As for Gürüz, who is known as a prominent voice for secularization in higher education, Diamond said the motive seemed to be “revenge.” As head of Turkey's Council of Higher Education from 1995 until 2003, Gürüz enforced the ban on Islamic head-scarves at public universities. Apart from the sentence handed down in the Ergenekon trial, Gürüz also faces charges as part of a second judicial proceeding stemming from an unarmed intervention by the military in civil affairs in 1997 -- the so-called “Postmodern Coup" trial.
In a call for letters on behalf of Gürüz, the Scholars at Risk Network wrote , “We are particularly concerned by suggestions that the repeated prosecutions of Professor Gürüz stem from his many years of work actively promoting reforms in Turkish higher education, including his advocacy of a Western-oriented higher education policy and support for international higher education exchanges between Turkey and other nations. It is precisely through these partnerships, many of which Professor Gürüz personally helped to establish, that many members of the international higher education community have come to know and respect Turkish higher education institutions, professionals and students. The suggestion that somehow Professor Gürüz is being prosecuted based on these efforts is disturbing and risks eroding Turkey’s otherwise much deserved positive reputation in the sector.”
The Turkish embassy in Washington did not respond to requests for comment. The sentences of these academics come on the heels of a number of other cases calling into question issues of academic independence and freedom in Turkey, including, as the Middle East Studies Association’s Committee on Academic Freedom has documented , a pattern of arrests and detentions of scholars and students who research Kurdish issues. There have also been reports of infringements of academic freedom on the part of government-appointed rectors, and, in February,  the association wrote to the prime minister condemning the “excessive” use of police force to disperse student protesters at Ankara’s Middle East Technical University – a response that’s seen as a precursor to the government’s suppression of the Gezi Park protests that followed.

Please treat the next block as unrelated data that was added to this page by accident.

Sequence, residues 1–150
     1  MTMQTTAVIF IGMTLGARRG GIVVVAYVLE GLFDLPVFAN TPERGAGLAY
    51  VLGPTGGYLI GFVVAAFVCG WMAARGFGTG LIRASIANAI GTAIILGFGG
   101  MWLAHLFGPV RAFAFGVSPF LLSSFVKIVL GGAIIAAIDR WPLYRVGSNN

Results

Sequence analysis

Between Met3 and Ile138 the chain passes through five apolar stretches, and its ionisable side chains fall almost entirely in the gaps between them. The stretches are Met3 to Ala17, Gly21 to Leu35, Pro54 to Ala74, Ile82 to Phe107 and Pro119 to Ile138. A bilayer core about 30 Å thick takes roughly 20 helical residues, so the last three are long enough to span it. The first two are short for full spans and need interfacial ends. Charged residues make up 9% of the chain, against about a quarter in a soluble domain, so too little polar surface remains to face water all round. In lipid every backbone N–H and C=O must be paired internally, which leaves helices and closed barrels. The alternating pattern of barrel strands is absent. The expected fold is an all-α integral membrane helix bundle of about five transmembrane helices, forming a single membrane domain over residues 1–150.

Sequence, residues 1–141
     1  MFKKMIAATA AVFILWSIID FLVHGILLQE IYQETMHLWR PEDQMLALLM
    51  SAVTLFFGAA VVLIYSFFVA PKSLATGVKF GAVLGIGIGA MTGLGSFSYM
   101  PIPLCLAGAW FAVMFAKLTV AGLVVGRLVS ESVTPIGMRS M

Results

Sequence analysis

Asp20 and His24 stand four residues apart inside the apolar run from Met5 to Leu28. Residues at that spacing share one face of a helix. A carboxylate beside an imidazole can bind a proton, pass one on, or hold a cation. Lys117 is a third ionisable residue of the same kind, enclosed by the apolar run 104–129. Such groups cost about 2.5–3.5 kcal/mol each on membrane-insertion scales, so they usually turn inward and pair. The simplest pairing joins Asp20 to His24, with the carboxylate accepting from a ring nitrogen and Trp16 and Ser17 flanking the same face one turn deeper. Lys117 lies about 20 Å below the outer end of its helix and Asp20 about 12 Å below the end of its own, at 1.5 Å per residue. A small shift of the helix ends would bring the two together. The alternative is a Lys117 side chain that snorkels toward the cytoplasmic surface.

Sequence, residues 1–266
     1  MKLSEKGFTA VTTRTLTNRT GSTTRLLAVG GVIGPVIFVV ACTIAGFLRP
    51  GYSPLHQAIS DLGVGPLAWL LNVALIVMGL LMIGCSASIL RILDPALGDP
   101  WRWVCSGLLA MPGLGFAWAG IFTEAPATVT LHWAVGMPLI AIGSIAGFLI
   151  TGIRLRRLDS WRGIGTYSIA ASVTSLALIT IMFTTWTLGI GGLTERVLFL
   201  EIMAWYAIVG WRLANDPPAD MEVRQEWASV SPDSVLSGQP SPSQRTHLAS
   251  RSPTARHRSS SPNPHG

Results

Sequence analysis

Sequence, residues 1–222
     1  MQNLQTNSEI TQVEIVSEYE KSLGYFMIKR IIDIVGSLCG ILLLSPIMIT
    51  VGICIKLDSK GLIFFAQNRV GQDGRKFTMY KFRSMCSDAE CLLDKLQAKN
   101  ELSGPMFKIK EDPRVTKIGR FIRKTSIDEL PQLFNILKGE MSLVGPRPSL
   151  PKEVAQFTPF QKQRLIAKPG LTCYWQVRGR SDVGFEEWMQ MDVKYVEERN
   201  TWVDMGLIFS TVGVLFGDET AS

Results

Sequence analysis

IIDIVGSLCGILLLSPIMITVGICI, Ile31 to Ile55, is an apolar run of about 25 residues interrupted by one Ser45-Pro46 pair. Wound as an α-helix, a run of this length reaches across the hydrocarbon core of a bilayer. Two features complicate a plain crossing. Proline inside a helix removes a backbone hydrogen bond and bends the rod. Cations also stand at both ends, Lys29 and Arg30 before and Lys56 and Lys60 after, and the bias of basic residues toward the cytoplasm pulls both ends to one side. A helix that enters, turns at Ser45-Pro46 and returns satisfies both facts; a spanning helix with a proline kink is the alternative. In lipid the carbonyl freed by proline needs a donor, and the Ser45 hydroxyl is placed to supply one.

Asli Bâli, an assistant professor of law at the University of California at Los Angeles who researches Turkish issues for the Middle East Studies Association's Committee on Academic Freedom, said the government recently announced plans to replace private security forces on campuses with state police forces and to revoke scholarships for students known to have participated in the anti-government protests.
All of this can be seen as part and parcel of the same general trend, Bâli said. “There are multiple elements of the trend. One is the government’s attempt to gain control of public universities, which have [historically] been the site of the exclusion of their own constituents” – specifically, Muslim women wearing head scarves. (The ban on students wearing head scarves was lifted in 2010.)
Faculty and administrators perceived by the government to have been aligned with the secularist military-bureaucratic alliance that previously controlled the regulation of higher education, academics researching Kurdish issues, and scholars or students who were involved in the recent anti-government protests are all under pressure, Bâli said. “Unless you’re ideologically aligned with the government you’re going to have extreme difficulty doing your job as an academic or a student.”